Image by Genesis Alvarez

Fashion Designer Evan Ducharme provided the clothing for the models. How did they add to your concept.

Evan Ducharme's clothing integrated perfectly with our concept. The pieces we chose were ones that held a strong structural form and also incorporated loose billowy fabric that created a cloud like shape. They lent themselves well to the image of the cloud in that they were vulnerable to movement and wind while still retaining their form.

Image by Genesis Alvarez
Each of you completed a live demonstration on stage. That has to be a lot of pressure. Can you first talk what it is like to create a hairstyle life on stage and talk about what your specific work that night. 

It wasn't really pressure, more so a cathartic release of all that we had been working towards. In preparation for the live cut Sara and I had coloured Devin's hair and I had pre-cut my desired shape into her hair. I intended on showing the transformation from a very classic and angular shape to a very flirty and bohemian look on stage. Both of the looks were quite beautiful on Devin, however the latter look spoke more truly to her character. I did this through creating a bob feeling with an undercut prior to the stage and then cutting the top lengths to the base of where the Bob shape was sitting.

 On stage I took the top layers and cut them with a square layer technique; providing her with the playful texture that is so prevalent in flirty shapes. I chipped around the perimeters of this new shape to create softness around the face and expose the bob undercut form, creating a new shape all together. I then shortened her fringe and texturizing it in a way that she can wear with endless versatility. Because of the underlying structured bob shape, she has a lot of freedom in styling the top layers and fringe. She can part the fringe in the center or to the sides with some of the layers spilling into them, creating a very cool and flirty style or she can wear it simply as a fringe.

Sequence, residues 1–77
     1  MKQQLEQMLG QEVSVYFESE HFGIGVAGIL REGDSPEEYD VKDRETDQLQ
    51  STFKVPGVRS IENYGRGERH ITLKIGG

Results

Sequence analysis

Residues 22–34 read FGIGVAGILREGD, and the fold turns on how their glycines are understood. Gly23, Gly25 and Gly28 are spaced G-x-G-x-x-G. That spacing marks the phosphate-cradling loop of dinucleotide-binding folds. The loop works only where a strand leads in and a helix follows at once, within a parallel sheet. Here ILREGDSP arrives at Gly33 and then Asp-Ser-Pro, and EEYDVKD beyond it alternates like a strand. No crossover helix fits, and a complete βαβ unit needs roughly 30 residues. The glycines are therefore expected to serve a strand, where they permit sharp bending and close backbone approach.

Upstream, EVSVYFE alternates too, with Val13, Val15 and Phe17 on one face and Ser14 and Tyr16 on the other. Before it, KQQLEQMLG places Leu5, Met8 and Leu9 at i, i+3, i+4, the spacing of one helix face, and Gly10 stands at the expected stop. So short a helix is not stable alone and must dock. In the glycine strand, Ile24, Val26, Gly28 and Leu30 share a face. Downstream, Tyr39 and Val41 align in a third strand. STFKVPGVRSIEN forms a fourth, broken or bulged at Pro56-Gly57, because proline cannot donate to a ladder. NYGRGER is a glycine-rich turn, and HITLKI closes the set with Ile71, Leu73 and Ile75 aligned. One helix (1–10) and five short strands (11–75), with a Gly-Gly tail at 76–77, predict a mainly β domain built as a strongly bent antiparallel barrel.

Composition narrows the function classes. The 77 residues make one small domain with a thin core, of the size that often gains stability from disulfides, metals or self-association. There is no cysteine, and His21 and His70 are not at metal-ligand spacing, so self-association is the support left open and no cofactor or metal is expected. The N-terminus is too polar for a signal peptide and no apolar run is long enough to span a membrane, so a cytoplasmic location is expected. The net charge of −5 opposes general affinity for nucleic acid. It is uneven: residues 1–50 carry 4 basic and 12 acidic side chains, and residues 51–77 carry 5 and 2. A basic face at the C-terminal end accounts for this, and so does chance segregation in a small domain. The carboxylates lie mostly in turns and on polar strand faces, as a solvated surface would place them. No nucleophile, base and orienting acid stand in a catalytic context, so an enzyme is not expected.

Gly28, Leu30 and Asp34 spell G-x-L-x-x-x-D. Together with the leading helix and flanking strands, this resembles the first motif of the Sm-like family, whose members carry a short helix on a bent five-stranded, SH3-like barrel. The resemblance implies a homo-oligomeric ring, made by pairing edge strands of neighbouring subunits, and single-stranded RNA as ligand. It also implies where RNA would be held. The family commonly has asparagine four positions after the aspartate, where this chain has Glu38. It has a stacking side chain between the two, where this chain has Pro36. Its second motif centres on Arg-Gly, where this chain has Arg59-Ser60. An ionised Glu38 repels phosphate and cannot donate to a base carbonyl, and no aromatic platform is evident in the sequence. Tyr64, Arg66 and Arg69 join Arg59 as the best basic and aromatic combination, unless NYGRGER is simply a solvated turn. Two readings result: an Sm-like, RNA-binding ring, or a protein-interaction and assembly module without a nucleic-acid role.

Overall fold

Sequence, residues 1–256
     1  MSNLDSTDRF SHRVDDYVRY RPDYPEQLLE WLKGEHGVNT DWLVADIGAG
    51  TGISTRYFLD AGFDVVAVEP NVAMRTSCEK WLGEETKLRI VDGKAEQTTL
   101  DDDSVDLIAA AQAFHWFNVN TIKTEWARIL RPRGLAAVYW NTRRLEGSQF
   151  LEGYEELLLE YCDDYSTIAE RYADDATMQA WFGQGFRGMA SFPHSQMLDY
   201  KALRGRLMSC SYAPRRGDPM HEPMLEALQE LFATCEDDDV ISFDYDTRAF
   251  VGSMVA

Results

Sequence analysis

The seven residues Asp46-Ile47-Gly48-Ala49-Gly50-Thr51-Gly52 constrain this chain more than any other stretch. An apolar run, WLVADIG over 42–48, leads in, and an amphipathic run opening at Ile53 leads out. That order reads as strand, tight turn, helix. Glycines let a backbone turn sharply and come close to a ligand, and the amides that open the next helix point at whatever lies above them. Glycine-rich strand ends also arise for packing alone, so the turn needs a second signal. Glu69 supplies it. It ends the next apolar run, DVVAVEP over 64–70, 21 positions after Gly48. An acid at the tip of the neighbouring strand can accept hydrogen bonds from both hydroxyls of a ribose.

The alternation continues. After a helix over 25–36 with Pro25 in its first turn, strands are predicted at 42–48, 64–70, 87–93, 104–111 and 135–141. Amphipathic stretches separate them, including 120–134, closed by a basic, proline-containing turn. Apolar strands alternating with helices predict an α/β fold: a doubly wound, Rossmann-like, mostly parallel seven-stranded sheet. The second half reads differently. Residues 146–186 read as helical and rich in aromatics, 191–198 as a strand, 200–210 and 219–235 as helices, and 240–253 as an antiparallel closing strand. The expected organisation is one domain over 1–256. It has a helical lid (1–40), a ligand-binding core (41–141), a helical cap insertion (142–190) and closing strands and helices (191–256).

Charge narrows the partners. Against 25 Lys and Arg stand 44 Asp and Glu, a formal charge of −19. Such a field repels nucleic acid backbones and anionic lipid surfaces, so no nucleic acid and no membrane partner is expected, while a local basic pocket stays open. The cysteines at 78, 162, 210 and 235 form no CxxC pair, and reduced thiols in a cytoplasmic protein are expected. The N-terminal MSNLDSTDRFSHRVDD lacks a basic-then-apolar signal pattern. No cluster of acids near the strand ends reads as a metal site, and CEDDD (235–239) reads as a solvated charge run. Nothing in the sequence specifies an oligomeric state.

Images by Santiago Firero

Can you share something about the two art installations by the videographers

The two video installations were done by Laine Butler and Denis Ogrinc. Laine provided us with the psychedelic cloud advertisement. This was to anchor the ethos to our brand and lend a beautiful kaleidoscopic feel to the evening. Denis shot our collection video which was meant to showcase our collection with movement. We chose the video route over images to provide a more dynamic range of reception. Images can be easily picked apart and analyzed where as a video is constantly shifting and moving, it translates mood and feeling much better as a medium.

In closing perhaps you can each share a favourite moment or look from this evening.

Of the many beautiful moments provided by the show and the preparation before hand, there was a particular moment on stage. With all of the business of the day there had been very little time to connect with any of the models and workers on a personal level. Yes communications are light and it is a lot of fun to be working on these projects, however in the grinding moments before the stage there is simply hair to be done, faces to be painted and a room to manipulate.

Images by Santiago Firero

 When I was on stage everything was relaxed. Everything was happening in real time without pressure. When I maneuvered around the cut to Devin's fringe I paused for a moment as we made eye contact. She looked at me and smiled and I asked how she was doing. She replied with "well" and that it was funny that now that everything was rolling we could finally have a chat. I felt more gracious and more connected to all of the models in that moment and appreciated the time and sacrifice in hair that they had given as a platform for my and Sara's creativity. The blast of smoke at the end was also pretty pleasing to me. None of us knew how to work that machine and having that much come out was awesome.